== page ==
After many years of resisting, I’ve finally sunk my teeth into Julia Cameron’s The Artist’s Way, a 12-week course for recovering your artistic self. The daily morning notes and other weekly tasks have been surprisingly helpful in removing the inner obstacles (fear, self-doubt, etc) to writing. This week, Ms Cameron threw me a curve ball with a week of reading deprivation! The horror! But I have stuck to it for five days and it felt like a good way to start the year. Since I haven’t been reading, I thought I’d report back on some of the books, movies and other experiences I’ve had.

Cutting For Stone: I’ve been meaning to read this book ever since I interviewed Dr. Abraham Verghese briefly for an article I was writing about the prevelance of Asian American doctor writers. I remember my father loving his seminal memoir, My Own Country: A Doctor’s Story, about life as a small town AIDS doctor in the South. I was absolutely enraptured by Dr. Verghese’s speaking voice over the phone. Kind of a silly reason to want to read a person’s book, but – in any case – it was the last purchase I made on my Kindle before boarding the plane to India. The novel is absolutely epic in scope, concerning the mysterious birth of twins, Marion and Shiva, to a nun (who dies in childbirth) at Missing Hospital in Addis Ababa, Ethiopia. After the gory opening scene, the novel follows the life of the twins and their cobbled-together family of adopted doctor parents Ghosh and Hema, South Indian doctors who have come to work at the hospital, neighbors, hospital workers, servants—and eventually their long-dissappeared father. Some of Eithiopia’s political turmoil is thrown in, which makes for some tense and dramatic scenes, as well as unrequited love and finally, a journey of exile to America. I’ve been tossing around the idea of a novel, or at least a set of stories, set in a hospital and the glorious amount of medical detail in this book made me think I could never do it without the medical training of a doctor, but it is gripping and Verghese puts you inside the minds of the medically inclined and sometimes un-inclined with such precision, that you understand the profession for much more than it’s usual glories. Verghese, who himself was raised in Eithopia, inhabits the landscape with such fervor that I immediately wanted to go and see the flowers blooming after the rainy season and taste real fiery wot as it would be served in a roadside bar. Cutting for Stone reminded me of a novel’s expansive possibilities.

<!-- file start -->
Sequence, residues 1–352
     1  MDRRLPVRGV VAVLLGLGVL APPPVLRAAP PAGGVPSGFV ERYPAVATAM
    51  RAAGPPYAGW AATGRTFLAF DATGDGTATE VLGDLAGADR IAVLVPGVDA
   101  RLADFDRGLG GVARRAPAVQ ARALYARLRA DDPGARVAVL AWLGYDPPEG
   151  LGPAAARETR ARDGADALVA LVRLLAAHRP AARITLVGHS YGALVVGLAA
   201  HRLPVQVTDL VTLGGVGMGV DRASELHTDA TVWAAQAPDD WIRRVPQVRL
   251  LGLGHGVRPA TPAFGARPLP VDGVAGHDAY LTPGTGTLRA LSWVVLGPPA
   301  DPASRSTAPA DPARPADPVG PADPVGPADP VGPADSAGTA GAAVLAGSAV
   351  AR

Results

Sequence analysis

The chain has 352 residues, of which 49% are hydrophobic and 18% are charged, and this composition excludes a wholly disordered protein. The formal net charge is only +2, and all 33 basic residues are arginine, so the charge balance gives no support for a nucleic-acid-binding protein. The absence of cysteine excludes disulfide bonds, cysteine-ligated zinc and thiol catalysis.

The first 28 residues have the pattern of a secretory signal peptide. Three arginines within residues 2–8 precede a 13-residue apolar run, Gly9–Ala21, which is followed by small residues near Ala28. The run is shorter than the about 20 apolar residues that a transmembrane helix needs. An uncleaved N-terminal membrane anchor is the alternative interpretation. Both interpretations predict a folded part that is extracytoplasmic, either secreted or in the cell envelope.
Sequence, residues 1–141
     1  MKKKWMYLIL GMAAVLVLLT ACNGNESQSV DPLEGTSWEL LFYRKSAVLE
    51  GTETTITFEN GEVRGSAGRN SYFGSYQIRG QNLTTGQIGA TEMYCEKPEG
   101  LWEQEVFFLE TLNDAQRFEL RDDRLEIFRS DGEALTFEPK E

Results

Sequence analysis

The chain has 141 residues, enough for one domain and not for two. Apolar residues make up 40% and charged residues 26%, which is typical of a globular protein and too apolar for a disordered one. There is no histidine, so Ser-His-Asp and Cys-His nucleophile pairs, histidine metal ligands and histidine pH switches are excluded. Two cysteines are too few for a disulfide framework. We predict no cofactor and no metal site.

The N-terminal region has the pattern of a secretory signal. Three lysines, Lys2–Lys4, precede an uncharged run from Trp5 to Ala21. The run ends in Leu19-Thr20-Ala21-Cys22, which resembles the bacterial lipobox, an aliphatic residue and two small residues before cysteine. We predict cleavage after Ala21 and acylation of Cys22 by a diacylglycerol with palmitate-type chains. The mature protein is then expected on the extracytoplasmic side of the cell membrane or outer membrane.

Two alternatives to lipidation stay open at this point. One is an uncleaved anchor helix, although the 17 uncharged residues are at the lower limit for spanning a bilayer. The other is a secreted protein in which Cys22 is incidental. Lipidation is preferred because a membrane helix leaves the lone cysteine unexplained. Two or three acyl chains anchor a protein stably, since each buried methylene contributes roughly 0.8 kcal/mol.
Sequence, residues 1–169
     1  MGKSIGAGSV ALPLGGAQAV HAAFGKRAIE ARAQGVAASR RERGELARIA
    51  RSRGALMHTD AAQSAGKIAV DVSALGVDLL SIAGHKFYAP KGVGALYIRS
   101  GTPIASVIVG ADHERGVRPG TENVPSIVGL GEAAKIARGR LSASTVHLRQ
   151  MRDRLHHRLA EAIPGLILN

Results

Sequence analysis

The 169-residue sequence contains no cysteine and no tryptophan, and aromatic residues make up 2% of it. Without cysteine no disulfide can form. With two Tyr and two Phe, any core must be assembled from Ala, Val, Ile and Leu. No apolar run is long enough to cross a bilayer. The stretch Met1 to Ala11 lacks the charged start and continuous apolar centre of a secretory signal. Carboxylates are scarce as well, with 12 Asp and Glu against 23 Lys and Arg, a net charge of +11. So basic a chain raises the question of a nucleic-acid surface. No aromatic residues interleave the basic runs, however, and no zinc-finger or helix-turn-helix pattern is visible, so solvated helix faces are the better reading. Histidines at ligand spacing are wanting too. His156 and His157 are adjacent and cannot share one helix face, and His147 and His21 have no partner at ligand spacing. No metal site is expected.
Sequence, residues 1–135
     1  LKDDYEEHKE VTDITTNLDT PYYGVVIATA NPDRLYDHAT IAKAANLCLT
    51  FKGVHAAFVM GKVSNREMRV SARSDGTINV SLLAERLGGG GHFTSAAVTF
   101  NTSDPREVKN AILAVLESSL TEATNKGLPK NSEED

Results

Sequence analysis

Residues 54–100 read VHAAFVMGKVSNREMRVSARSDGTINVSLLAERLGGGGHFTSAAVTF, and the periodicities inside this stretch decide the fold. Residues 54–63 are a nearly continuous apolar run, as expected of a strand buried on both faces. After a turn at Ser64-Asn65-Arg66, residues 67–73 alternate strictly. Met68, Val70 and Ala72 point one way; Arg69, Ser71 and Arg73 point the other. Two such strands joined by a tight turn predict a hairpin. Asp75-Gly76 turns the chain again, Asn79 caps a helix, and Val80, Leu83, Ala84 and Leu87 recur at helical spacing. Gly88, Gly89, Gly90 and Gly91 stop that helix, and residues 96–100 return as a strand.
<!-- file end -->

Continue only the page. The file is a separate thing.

Just Another Love Story (Aarekti Premer Golpo): I am an unabashed snob when it comes to Indian cinema, turning my nose up at most Bollywood has to offer. Introducing people to Bengali film is one of my favorite things to do. So, when a few non-Bengali friends ended up wanting to go see a film on New Year’s, I thought that this movie might be a crowd-pleaser. Luckily, I was right. Directed by Kaushik Ganguly and staring director Rituparno Ghosh (one of my favorite Bengali filmmakers), the film is the first to openly address homosexual relationships since same-sex relations were decriminalized in India, but it was also very much about the art, power and difficulty of storytelling–and, of course, that tricky bitch known as love. The film follows director Abhiroop (Ghosh) and his crew as they come from New Delhi to Kolkata to make a documentary about the famous folk theater performer Chapal Bhaduri, one of the first openly gay actors in this scene. Bhaduri, played by the actual Bhaduri, was famous for his performances of women’s roles. When controversy causes the film to relocate to the countryside, the story splits into two narrative streams: the modern day tale of the film—which includes Abhiroop’s relationship with his cinematographer (played by the hot Indraneil Sengupta), who is married, and then Bhaduri’s life as he relates it, which is played as a period piece featuring all the same actors. The acting is suberb and Ghosh does an incredible, incredible job as the young Bhaduri. In fact all the actors give extremely nuanced performances in both of their roles, giving complexity to the film and really putting an emphasis on storytelling. The film raises questions like: Why do we—as artists—tell the stories that we do? What do we owe our subjects? What are the dangers of using your subjects to exorcise your own personal demons? Anyway, a really inspiring film that I hope will get some kind of distribution internationally.